And that is NOT the Position. It is the People.  
All the leaders agreed that they experienced this saying firsthand: If you want to go fast, go alone. If you want to go far go with people!
Leadership is relationally intensive. It was evident from all the interviews that each leader’s role is about motivating, supporting, taking care, mentoring, coaching, nurturing, developing, sharing experiences, and giving wisdom to their team members.  
We should not make the mistake of ignoring relationships and focusing too much on systems and data. It’s so easy to lean into those things because they tend to be measurable, and they rarely argue back. Great leaders focus on the relational part because they mostly want to! It was clear from the interviews that the leaders make it a priority to enjoy being with their people.  
A great leader is the kind of leader who strategically selects great people, takes them on the journey, and gives a clear direction to achieve the vision and make it a reality!  
Many of the leaders voiced that you will not move forward in the way you are hoping to without the right people on the” bus” – the right people in terms of integrity, giftedness, energy, initiative, drive, and team player mentality. A great leader needs to identify what skills and strengths are needed on the team and who the right fit should be. And when you need to move someone off the team because of a bad fit, a great leader dares to do so for the sake of the team. 
Leading well also requires a structured collaborative approach to the strategy to make the vision a reality. Entrepreneur Annalien Carstens CA(SA), shareholder and managing director of her own company, confirmed this in her interview: “Being democratic on the strategy with our managers is important, however, to avoid messiness there comes a point when the team needs clear direction and drive. You need to develop the ability to know when to consult and when to direct, when to ask and when to tell, when to listen and when to speak.”
It was evident from the interviews that a remarkable leader is not only a remarkable mentor because of grey hair! It is also because they do everything in their capacity to learn from other people and therefore, they are also remarkable mentees! 
Anneke Andrews CA(SA) shared: “In the earlier years of my career, there were not many females to use as mentors. There were many valuable lessons learned from several colleagues over the years. I am grateful for men like Giam Swiegers who believed in my potential in 1985 and took a bold step to give me the first “female” bursary and appoint me. I also feel quite strongly about sharing what I have learned, repeatedly and continuously, to make the world a better place for all.”
Lindiwe Manyika CA(SA) shared:” I have two mentors, a female and a male who are both very senior. What I gain from the mentoring relationship is completely different but useful in different ways. Find a mentor who believes in you, an experienced and older person who is willing to transfer their skills and wisdom to you. A professional coach is also highly recommended to empower you to move from “good” to “excellent.” 
A social entrepreneur is a person who runs a sustainable project for the greater humanity. Almost all the leaders that were interviewed are involved as social entrepreneurs in sustainable projects.  
When Farah Ballim CA(SA) was 24 years old while doing her day job as a trainee accountant she raised her funds, shared her vision, and got the buy-in from 21 trainee Accountants who volunteered with her by offering mentoring in Mathematics and English to 40 Grade 8 kids and we saw Farah each Saturday volunteering at her post teaching the kids!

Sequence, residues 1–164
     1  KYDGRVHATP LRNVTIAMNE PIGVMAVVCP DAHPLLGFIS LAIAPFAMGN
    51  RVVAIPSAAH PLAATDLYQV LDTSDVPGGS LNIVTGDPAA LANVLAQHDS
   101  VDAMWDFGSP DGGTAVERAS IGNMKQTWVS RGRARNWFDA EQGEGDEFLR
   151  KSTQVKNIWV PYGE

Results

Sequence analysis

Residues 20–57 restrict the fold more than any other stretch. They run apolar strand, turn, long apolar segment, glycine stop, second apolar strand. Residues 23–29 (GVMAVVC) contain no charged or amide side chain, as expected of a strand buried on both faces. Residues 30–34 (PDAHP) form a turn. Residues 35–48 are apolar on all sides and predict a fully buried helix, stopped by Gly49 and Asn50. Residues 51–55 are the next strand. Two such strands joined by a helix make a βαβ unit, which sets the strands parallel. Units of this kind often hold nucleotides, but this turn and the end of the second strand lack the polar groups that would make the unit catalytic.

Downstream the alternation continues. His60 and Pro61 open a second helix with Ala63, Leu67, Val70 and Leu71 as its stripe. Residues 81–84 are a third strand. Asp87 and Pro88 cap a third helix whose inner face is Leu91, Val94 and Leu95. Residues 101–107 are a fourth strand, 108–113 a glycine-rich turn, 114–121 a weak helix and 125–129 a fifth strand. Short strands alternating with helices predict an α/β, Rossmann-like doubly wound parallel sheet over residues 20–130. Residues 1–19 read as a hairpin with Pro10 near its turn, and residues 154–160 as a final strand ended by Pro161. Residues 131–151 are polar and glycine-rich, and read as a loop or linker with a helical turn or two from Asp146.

When Evelyn Donkor was 28 years old, her day job was as a Financial Accountant, and she co-led an Accounting Mentors group for young women at a public school on Saturdays. She drove 200 km each month to volunteer, mentor, and be at her post, helping the kids, she was the sole sponsor and influenced her employer and 24 colleagues to support this group for Mandela Day!    
Great leaders build unity and try not to cause disorder – they try to lead with 1 tribe in mind and to live St James’ words: “Where you have envy and selfish ambition there you will find disorder and evil practice.”  
Some of the leaders that I interviewed shared that the people who made it the hardest for them to grow in their careers were their closest team members because of envy and selfish ambition. What is up with that? We are not helping one another. We are often one another’s worst enemies when it comes to supporting or rooting for one another. To be a great leader this needs to change! Because it has a major impact on business success!  
I’d like to use the HP story as an example. Carly Fiorina former CEO of Fortune 500 Company, Hewlett-Packard shares in her book, Tough Choices: 
” The business challenge was that the great HP Brand consisted of not one but a thousand tribes, meaning that a business has a marginalized approach to strategy. In HP’s case, each of the 87 product divisions had its HR team, IT team, finance team, marketing and sales team, and Research and Development, team. They all had their way of doing things and did everything on their own. Heads of divisions and teams mostly talked about “my products” and “my guys,” far too little about our customers, and our competitors and not at all about the rest of HP and the HP brand. Each division could have been a stand-alone company. The result was divisions competed instead of collaborated, and that resulted in HP not meeting its targets and that resulted in HP losing its market share.”
I have learned many valuable lessons from these Femme Fatales! And great leadership is hard, and we should stop being surprised that it is hard.  
If you have been given the gift or opportunity to lead and decide to do it, you may have signed on for one of the toughest jobs. But the combination of “good at” and “hard work” is amazingly satisfying. Let this inspire us as ordinary citizens of our country to lead well from our ordinary places in South Africa because that will make us great leaders.

|Hope and leadership are inevitably linked!

Meet the author

Adel Du Plessis CA(SA)
Adel Du Plessis is a qualified Chartered Accountant CA(SA) since 2002, qualified at Deloitte SA (entrepreneurial services division) and has a master’s degree in Higher Education Cum Laude. Her passion to contribute to exceptional education and performance management has resulted in her published articles for the Accountancy SA Magazine, her contributions to 2 books and her presentations at national and international Education conferences.  Adel is an involved member of the South African Institute of Chartered Accountants (SAICA), and she believes that giving back in a calculated way is a non-negotiable for each CA(SA).  She has volunteered in various education projects over the last 20 years and received 2 awards for her contributions.